This summer the University of Regina is offering Syrian refugee children the chance to enjoy the Canadian experience of summer camp, with a few changes to accommodate religion.
The kids are doing everything from art to sport, sometimes together, sometimes apart, depending on age and ability. But for swimming, the girls and boys are typically separated for religious reasons.
“If those opportunities weren’t presented those children wouldn’t be participating to be blunt,” explained Dean of Kinesiology, Harold Riemer. “I think that would be unfortunate.”
Riemer says some people will view this as a way to divide rather than assimilate, but he hopes people view this decision with the diverse, positive approach the university tried to take.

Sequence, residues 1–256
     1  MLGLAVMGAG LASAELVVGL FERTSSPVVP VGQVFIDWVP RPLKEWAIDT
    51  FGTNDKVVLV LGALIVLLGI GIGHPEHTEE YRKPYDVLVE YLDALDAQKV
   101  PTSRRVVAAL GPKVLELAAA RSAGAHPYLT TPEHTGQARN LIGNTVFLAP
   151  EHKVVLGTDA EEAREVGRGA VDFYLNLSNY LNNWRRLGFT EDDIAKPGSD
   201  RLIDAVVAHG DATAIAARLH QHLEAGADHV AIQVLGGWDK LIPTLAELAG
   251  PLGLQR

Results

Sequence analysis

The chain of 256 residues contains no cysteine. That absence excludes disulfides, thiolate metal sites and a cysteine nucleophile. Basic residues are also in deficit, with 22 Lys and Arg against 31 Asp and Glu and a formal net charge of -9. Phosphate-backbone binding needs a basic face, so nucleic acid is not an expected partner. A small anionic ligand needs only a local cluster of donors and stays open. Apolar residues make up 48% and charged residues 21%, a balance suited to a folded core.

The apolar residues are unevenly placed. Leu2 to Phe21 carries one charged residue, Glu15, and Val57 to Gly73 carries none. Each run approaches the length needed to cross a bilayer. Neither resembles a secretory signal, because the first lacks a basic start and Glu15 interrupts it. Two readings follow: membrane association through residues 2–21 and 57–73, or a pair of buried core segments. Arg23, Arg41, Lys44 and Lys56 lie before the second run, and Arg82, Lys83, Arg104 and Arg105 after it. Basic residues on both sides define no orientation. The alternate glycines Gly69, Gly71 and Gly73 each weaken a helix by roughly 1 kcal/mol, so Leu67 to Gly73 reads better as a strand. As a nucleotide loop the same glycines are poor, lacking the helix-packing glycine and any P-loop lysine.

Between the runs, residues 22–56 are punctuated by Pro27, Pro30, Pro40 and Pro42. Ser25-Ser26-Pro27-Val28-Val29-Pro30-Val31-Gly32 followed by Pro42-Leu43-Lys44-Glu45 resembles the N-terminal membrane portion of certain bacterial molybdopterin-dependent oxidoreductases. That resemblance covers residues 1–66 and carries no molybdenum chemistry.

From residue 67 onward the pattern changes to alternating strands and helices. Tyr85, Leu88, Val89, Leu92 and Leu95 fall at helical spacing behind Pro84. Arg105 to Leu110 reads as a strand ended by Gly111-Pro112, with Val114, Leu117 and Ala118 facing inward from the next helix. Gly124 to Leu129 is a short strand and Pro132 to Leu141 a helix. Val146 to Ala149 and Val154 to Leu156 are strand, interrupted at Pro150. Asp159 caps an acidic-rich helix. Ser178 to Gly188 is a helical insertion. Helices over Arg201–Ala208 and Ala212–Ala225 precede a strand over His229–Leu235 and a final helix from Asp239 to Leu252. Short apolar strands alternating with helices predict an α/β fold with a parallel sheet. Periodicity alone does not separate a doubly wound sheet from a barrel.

“When we can find a way to provide an opportunity for kids from various cultures and religious persuasions to be together and still accommodate kind of, religious values at the same time, I think that is a very positive thing. I don’t see that as a negative opportunity,” Riemer maintained.
The camps were opened up to Syrian refugee children at the request of the federal government. But the U of R has been working with refugee families through its social work faculty.